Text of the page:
Rick Wakeman has turned the tables on me yet again! Instead of being funny (or made fun of) as the front-man of the classic prog rock band Yes, Wakeman has decided to step from the limelight to the lounge light as he keeps it real, comedy style, on this DVD of stand-up and solo piano performances. You may be wondering what Wakeman's comedic stylings are like ... picture amateur comedy night at Mo's Neighboorhood Bar and Grill and you would be in the right ballpark. At its most painful, it's Rick talking about boobs, tits and ass like an oversexed eighth grader and at its best, it's hilarious anecdotal stories about being in Yes. YES! Entertainingly enough, I am a big fan of Wakeman playing classic Yes songs on the piano unplugged and unabashed. Contrary to my last Yes DVD review, this is definitely worth renting for a fun night alone. Erik Lopez

Plagues & Pleasures on the Salton Sea
A Metzler/Springer Film
Docurama Films
Street: 09.25
The Salton Sea: A man-made 40-mile wide cesspool of a sea, located smack in the middle of the deserts of Southern California. Right next to the water sits Salton City, an area with some of the lowest valued and least desirable property in the entire state. This documentary delves into the history behind how the water got there (it wasn't entirely intentional), and supplements the well-presented information with interviews from some of the nuttiest characters in this country. The entire documentary eminates of strange humor and creepy folks, making for a very worthy and informative look at such an interesting and unknown festering ass-lake, surrounded only by the looniest people in California. Most certainly, this is a worthy watch for the curious. Ross Solomon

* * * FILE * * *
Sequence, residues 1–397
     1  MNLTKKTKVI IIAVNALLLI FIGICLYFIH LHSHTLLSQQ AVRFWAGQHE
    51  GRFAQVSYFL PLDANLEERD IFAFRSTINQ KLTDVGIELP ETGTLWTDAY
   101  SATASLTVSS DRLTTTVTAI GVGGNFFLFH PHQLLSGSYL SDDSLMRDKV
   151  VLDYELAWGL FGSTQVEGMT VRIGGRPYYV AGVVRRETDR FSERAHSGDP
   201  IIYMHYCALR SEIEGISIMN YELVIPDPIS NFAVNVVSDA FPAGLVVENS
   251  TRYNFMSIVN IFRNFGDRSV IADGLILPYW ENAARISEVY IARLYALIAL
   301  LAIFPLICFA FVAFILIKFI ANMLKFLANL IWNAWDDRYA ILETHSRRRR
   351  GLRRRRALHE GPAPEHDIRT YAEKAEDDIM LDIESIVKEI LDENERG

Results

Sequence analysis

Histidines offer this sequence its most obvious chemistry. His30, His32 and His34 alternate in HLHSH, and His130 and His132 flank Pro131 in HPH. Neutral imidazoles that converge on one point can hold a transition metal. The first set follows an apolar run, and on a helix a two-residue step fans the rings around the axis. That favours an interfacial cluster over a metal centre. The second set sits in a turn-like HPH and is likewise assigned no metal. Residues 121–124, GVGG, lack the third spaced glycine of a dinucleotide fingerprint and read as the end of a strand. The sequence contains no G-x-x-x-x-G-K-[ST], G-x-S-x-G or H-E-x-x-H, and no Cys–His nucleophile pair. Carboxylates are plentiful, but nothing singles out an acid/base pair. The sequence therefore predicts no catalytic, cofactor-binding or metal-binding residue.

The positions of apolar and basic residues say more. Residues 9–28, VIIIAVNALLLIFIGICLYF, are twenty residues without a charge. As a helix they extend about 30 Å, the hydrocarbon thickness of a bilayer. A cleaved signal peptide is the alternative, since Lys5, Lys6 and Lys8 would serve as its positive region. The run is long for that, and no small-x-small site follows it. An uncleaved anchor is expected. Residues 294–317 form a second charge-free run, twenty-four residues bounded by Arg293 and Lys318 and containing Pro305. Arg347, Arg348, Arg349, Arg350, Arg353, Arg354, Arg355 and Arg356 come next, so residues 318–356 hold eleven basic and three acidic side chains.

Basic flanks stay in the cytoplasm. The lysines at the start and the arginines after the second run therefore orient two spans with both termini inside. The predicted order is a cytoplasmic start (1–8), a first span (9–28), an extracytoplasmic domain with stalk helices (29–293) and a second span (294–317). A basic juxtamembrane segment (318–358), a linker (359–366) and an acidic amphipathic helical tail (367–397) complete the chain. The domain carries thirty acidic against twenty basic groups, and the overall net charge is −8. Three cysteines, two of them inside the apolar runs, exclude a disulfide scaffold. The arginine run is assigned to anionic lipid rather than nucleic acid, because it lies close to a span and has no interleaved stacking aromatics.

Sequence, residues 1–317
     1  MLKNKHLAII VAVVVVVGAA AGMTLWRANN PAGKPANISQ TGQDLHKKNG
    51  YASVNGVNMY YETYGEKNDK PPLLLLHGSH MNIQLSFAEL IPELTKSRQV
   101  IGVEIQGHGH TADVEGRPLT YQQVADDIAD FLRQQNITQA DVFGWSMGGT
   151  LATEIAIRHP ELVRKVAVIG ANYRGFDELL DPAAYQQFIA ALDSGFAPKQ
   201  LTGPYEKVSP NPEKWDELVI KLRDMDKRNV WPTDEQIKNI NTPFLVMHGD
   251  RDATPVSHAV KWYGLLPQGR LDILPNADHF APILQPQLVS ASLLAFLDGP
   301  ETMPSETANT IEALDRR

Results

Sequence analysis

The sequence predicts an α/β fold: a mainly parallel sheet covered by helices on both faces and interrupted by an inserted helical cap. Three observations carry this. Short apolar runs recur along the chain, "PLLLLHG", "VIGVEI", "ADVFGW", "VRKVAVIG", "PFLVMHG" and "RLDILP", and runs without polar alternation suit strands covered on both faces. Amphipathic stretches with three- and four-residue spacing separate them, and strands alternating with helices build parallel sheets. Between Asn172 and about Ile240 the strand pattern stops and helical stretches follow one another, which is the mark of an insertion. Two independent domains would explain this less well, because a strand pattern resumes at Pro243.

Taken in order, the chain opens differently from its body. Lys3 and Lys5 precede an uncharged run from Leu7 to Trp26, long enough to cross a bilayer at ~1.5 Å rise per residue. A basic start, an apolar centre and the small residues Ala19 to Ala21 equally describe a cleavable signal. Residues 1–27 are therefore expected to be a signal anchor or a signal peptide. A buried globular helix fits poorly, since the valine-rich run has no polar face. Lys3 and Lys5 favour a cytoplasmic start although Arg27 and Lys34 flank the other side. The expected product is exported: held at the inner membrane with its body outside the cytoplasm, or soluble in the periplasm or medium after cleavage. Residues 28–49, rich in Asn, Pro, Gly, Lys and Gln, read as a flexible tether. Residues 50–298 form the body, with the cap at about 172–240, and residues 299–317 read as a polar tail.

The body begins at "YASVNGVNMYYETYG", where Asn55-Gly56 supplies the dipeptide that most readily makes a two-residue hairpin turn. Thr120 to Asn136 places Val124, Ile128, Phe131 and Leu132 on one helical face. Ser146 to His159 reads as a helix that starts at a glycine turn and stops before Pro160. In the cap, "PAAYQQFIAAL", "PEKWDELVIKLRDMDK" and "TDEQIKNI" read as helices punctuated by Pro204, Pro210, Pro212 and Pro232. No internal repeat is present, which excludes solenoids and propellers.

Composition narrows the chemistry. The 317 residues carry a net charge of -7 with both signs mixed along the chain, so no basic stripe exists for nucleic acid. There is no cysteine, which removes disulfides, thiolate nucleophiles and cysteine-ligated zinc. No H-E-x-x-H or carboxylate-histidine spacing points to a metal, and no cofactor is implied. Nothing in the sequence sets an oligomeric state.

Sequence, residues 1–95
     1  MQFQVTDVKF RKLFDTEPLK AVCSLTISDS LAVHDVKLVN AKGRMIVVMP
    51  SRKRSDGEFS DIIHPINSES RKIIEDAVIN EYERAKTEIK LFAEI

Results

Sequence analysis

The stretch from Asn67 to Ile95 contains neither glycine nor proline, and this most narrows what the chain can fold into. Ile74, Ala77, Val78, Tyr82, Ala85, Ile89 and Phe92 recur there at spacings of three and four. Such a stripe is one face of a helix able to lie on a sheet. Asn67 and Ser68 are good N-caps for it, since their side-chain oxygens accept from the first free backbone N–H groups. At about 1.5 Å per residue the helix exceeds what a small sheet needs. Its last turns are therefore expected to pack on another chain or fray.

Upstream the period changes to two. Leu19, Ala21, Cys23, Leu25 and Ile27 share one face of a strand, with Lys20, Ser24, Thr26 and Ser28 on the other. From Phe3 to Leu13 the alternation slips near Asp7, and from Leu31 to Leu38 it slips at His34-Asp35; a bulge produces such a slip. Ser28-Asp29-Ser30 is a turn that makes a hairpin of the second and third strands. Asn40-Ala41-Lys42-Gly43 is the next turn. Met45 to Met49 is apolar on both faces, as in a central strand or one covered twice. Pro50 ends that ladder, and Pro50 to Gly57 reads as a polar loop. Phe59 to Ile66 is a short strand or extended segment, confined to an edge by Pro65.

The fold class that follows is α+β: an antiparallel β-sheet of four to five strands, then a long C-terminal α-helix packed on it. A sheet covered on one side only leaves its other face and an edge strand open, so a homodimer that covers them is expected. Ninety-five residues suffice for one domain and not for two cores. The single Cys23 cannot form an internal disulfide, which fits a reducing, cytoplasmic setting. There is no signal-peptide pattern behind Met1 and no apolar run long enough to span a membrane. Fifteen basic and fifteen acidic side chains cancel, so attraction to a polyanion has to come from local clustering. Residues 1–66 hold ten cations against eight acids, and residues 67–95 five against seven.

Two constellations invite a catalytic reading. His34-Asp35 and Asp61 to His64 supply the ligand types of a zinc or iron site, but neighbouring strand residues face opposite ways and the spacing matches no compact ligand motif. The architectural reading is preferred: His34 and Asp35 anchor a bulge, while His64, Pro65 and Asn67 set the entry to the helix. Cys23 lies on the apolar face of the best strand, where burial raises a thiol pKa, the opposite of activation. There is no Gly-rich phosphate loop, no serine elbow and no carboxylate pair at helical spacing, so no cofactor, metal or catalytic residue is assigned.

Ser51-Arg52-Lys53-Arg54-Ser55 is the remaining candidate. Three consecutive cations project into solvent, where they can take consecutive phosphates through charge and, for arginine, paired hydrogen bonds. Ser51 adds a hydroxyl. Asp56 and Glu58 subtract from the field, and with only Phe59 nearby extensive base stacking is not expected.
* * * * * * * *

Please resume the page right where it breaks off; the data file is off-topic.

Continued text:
Schmelvis: Searching for the King's Jewish Roots
Jewish Flicks
Street: 10.09
Schmelvis is a film about a group of Jews from Montreal who travel to Memphis and Israel to try to provoke and put truth to the rumor of Elvis being Jewish. Apparently Elvis' great grandmother was Jewish, which somehow makes Elvis Jewish because of Judaism's rules following matrilineal lineage. The impetus of the film is pretty stupidintentionally sohence, the filmmakers argue amongst themselves throughout in a Seinfeld kind of way with all the self-referencing, but sans the craft and humor. In the end, the directors fail to provoke and put truth, though when all is said and done they don't seem to mind. Spanther

Street: 10.23
When I received this DVD I was curious what kind of antics I was about to experience with the backwoods North Carolina Sheriff Ronald E. Hewett. It's a story about the Sheriff of a small backwoods Carolina town that is run by the local church and the Hewett bloodline. The film is done with many quick cuts between shots that mesmerize you from the beginning. There is no soundtrack to the film just live noise, which present a very eerie aspect to it. Hewett strives to keep order in his rural community that has been visited by murderers, gamblers, and theft of ceramic molds. All he has in order defend his people is a small group of officers, guns, and god. The highlight of the film was when he takes his daughter hunting and he yells, "Look, something interesting! Turkey droppings," than calmly caresses the droppings with his boots. This DVD is simply a hypnotic version of Cops in the boonies. Michael Reff

Since We Last Spoke
Lipstick Films
Street: 11.06